Peter J. DONOVAN v. CITY OF WOBURN & another.1
Since 1995, Peter J. Donovan, the appellant, has been engaged in a sustained and unsuccessful effort to obtain a “package store” liquor license, see G.L. c. 138, § 15, from the License Commission of Woburn (commission) so that he could operate what he describes as a business selling corporate gift baskets containing high-end wines and spirits. The commission denied his most recent application on August 5, 2003. Donovan challenged the denial in a certiorari-like action in Superior Court. See G.L. c. 249, § 4. A judge of that court granted summary judgment in favor of the commission and dismissed the case. Donovan has appealed. We reverse.
Donovan's effort to obtain a license began in February, 1995, when, doing business as Boston Beer & Wine Company, he applied to the commission for a so-called “wine and malt” license. At that time, he sought to sell “high-end” beer and wine, primarily at wholesale but with retail deliveries to fill mail orders constituting about five percent of his business. The commission determined that it could not issue limited “wine and malt” licenses.2 Donovan, therefore, applied for a full alcohol license although he did not change his business plan. The commission approved his application but issued the license with a restriction that Donovan only sell wine and beer.
A few months later, Woburn legal counsel advised the commission that it could not limit licenses it issued under § 15 to the sale of beer and wine. The commission then voted to deny Donovan's application. The commission's denial was followed by a series of appeals to the Alcohol Beverages Control Commission (ABCC), reapplications, and more denials until 1997 when the dispute landed in Superior Court. At issue in the Superior Court proceeding was the commission's denial, affirmed by the ABCC, of what was then the latest Donovan application on grounds that Woburn already had enough liquor stores; that retail sales were not allowed in the area where Donovan proposed to operate; and that Woburn's best interests would not be served by a mail order liquor business because of problems assessing the age and sobriety of purchasers.
After hearing and a review of the administrative record, a judge of the Superior Court granted summary judgment to Donovan and remanded the case to the commission. The judge found that the commission's denial of Donovan's application on the ground that Woburn already had sufficient liquor stores amounted to an abuse of discretion because the commission had not addressed the specific merits of the application Donovan had made.3 The commission did not appeal.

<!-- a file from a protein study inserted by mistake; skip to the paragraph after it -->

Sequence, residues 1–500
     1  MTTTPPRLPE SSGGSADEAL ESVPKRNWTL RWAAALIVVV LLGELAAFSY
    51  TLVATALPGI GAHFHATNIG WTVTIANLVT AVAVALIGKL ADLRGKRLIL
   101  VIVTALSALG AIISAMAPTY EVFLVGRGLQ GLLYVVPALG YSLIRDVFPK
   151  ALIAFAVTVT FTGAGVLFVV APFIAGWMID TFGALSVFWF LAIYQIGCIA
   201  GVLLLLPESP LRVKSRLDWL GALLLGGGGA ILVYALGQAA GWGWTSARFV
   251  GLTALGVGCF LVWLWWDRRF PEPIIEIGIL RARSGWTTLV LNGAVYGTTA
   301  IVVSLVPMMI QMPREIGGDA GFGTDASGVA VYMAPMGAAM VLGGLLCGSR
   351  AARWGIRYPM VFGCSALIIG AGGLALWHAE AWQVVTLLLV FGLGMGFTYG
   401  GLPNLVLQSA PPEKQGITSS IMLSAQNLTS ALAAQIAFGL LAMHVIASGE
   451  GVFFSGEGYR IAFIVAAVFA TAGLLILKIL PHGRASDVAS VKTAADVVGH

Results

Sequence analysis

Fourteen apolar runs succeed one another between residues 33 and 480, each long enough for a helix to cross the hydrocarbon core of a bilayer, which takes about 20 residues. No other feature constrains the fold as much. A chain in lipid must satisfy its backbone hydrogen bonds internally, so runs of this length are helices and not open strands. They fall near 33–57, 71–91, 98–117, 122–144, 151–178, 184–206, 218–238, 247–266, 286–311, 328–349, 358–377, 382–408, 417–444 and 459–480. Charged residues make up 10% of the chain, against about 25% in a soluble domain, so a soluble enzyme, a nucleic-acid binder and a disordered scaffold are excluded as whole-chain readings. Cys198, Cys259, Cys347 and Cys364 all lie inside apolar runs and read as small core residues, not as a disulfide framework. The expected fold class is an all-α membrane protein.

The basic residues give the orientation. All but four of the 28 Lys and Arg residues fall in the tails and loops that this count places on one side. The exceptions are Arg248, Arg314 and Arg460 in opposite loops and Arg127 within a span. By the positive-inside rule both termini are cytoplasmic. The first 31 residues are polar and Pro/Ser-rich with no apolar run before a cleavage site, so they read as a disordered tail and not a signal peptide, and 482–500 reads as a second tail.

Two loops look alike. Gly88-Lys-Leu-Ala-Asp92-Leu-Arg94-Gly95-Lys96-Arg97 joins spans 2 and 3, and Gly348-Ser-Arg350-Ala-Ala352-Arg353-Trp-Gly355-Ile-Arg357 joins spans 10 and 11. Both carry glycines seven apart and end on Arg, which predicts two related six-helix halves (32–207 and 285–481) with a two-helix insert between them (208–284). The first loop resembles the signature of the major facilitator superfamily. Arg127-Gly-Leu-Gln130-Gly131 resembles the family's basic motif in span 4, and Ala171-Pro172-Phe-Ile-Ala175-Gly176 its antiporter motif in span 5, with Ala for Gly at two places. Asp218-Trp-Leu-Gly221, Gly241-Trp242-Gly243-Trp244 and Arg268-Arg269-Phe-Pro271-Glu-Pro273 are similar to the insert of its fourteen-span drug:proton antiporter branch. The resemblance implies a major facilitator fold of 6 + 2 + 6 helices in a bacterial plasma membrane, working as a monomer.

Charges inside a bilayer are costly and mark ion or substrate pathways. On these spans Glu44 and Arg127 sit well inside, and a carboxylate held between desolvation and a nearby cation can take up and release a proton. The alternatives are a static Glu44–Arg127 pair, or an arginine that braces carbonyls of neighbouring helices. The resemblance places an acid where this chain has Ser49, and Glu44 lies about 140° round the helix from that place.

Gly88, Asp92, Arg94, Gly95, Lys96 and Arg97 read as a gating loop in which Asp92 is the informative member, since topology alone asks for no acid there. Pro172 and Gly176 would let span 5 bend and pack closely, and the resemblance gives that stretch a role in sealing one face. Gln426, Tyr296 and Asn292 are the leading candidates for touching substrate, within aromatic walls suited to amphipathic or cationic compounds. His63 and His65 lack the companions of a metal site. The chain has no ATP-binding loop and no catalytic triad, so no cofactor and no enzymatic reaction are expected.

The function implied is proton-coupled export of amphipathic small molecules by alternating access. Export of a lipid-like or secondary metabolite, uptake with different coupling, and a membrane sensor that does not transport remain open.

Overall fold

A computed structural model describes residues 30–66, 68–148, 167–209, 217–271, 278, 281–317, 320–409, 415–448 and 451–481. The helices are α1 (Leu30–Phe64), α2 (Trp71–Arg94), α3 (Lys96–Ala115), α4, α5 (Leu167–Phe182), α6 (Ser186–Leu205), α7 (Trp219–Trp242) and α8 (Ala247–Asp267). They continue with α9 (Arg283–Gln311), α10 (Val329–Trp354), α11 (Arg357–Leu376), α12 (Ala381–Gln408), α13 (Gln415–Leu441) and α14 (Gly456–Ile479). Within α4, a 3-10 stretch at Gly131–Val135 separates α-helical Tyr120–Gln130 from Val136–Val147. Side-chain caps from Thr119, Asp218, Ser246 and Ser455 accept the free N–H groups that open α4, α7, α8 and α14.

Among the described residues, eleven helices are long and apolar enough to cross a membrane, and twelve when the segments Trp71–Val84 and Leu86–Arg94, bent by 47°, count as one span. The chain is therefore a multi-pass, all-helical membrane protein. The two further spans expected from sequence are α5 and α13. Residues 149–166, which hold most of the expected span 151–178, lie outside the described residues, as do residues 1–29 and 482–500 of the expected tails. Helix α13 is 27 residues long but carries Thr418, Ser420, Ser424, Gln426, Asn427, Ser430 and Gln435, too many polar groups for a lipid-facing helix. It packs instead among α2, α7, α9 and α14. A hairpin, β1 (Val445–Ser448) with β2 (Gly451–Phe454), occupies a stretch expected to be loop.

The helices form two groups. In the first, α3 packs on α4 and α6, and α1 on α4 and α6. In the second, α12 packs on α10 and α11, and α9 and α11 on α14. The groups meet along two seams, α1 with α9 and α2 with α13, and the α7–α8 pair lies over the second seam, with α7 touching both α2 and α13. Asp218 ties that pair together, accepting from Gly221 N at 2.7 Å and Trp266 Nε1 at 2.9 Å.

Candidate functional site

On remand, the commission again denied Donovan's application, this time on zoning grounds. Donovan sought whatever zoning approvals he needed from the Zoning Board of Appeals of Woburn (zoning board), but the zoning board denied his application. He appealed the denial to the Superior Court, see G.L. c. 40A, § 17, and, while the appeal was pending, reached a settlement with the zoning board (zoning agreement). The zoning agreement placed substantial limitations on the type of business Donovan would be permitted to conduct at any of the locations he had identified in his applications to the commission. Specifically, Donovan and the zoning board agreed that Donovan would operate a “gift service business (a business service with no more than 5% retail sales business).” They also agreed to sixteen other restrictions, the majority of which Donovan had suggested, including no transfer of any liquor license for ten years; no refrigeration on the premises; no external product signs; no advertising for walk-in sales; only one cash register and counter for walk-in sales; no sales of snacks, lottery tickets, tobacco, nips, half-pint, pints or single bottles of beer; no bottle redemption except to the extent required by statute; deliveries limited to two delivery trips per day in noncommercial vehicles between the hours of 10:00 a.m. and 3:00 p.m., with all deliveries to be logged and no deliveries to residential addresses; and over-all hours of operation limited to the hours between 10:00 a.m. through 7:30 p.m., Monday through Saturday.